I have also tried using these tutorials from Ladyada (Here and here) but those also only worked for the Mac Mini again.

My circuit has been Arduino pinout -> 100 Ohm resistor -> IR LED -> Gnd. When checking to make sure the IR LED was even transmitting (with a camera), i noticed that the LED on the Arduino is much dimmer than the real remote. I removed the resistor and sure enough, it was brighter but still much dimmer than the real remote. I've seen places recommend a transistor and i plan on buying one to add but i don't see how it would help my current problems seeing as, even without the resistor, only the mac mini would work.

I apologize for the long post but I have spent 45 of the last 72 hours working on this to no avail. So my questions are these:

How can I get the IR libraries to work?
How can I find the frequency of IR signals without an oscilloscop?
What do i need to do to get the Panasonic protocol added and working?
Any general tips on getting this working or Arduino's in general?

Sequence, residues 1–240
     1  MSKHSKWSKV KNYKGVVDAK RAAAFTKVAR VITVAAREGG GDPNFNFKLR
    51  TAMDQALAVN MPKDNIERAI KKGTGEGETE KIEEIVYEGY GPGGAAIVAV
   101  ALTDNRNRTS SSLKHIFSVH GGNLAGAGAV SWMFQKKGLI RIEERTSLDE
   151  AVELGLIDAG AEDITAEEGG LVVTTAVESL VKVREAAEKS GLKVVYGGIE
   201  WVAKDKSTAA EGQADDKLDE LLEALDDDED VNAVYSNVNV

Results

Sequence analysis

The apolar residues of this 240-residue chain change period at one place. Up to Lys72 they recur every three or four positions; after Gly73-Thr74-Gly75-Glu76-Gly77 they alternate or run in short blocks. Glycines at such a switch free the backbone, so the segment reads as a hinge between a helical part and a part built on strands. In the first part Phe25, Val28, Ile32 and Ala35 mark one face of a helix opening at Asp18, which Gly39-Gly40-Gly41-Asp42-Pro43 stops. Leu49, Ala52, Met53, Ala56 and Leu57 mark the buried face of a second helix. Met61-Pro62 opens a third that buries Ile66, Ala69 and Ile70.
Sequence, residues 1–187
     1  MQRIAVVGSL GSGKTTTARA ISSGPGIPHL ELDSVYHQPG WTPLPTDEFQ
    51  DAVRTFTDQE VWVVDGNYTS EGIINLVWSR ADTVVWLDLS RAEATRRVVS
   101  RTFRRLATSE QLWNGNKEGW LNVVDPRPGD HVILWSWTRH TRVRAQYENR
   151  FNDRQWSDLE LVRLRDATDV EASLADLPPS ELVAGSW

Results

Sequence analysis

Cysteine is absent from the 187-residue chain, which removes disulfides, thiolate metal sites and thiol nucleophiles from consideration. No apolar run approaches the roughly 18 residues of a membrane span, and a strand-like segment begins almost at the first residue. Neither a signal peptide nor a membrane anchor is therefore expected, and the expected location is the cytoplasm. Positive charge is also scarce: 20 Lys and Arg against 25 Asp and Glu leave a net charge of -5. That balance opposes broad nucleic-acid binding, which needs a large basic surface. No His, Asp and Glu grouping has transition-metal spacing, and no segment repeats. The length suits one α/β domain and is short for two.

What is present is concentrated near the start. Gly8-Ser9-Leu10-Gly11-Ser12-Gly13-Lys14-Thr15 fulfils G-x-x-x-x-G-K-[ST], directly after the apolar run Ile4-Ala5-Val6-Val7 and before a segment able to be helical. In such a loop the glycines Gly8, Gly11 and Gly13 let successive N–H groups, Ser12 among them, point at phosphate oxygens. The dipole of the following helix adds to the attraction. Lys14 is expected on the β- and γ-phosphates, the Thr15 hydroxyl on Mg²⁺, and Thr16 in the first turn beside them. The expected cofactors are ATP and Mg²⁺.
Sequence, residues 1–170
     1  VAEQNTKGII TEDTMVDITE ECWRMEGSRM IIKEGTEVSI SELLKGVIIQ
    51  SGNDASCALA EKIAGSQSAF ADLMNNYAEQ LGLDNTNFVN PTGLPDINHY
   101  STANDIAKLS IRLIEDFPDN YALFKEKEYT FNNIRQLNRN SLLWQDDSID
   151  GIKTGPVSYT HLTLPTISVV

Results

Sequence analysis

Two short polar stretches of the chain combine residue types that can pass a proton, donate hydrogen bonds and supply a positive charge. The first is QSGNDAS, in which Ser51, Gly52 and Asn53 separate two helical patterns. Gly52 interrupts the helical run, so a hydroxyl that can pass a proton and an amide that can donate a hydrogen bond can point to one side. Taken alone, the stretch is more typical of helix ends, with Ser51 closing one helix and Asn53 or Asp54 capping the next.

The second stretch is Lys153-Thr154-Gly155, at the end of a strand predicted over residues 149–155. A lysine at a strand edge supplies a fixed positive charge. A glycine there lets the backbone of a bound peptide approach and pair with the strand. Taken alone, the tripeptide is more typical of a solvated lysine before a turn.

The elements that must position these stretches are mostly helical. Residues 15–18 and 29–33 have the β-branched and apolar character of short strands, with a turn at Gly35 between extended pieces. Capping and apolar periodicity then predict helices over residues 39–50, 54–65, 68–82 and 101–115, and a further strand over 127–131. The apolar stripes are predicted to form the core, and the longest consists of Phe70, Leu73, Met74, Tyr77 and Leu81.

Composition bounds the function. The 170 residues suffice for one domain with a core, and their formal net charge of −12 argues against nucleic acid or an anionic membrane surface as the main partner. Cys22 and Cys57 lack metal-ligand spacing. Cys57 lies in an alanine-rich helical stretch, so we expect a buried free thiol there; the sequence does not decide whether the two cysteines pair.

sevs753:
My circuit has been Arduino pinout -> 100 Ohm resistor -> IR LED -> Gnd. When checking to make sure the IR LED was even transmitting (with a camera), i noticed that the LED on the Arduino is much dimmer than the real remote. I removed the resistor and sure enough, it was brighter but still much dimmer than the real remote. I've seen places recommend a transistor and i plan on buying one to add but i don't see how it would help my current problems seeing as, even without the resistor, only the mac mini would work.

Check the specs on the IR LED. Most plain red LED's operate on about 20 mA so a simple current limiting resistor is enough. The "High=power IR LED" from Radio Shack operates on 100 mA. If your particular LED draws more then about 30 mA you will need a transistor switch to protect the Arduino output which can only provide 40 mA maximum.

How can I find the frequency of IR signals without an oscilloscop?

Rig up a simple sensor directly into a digital pin. Now use the pulseIn() function to measure the period of the IR modulation from the remote.

The way you have wired your LED you will have a VERY low range; somewhere around 2-10 cm. So make sure your LED is literality touching the IR receiver of the device you are trying to control. This is why the LED will seem dimmer.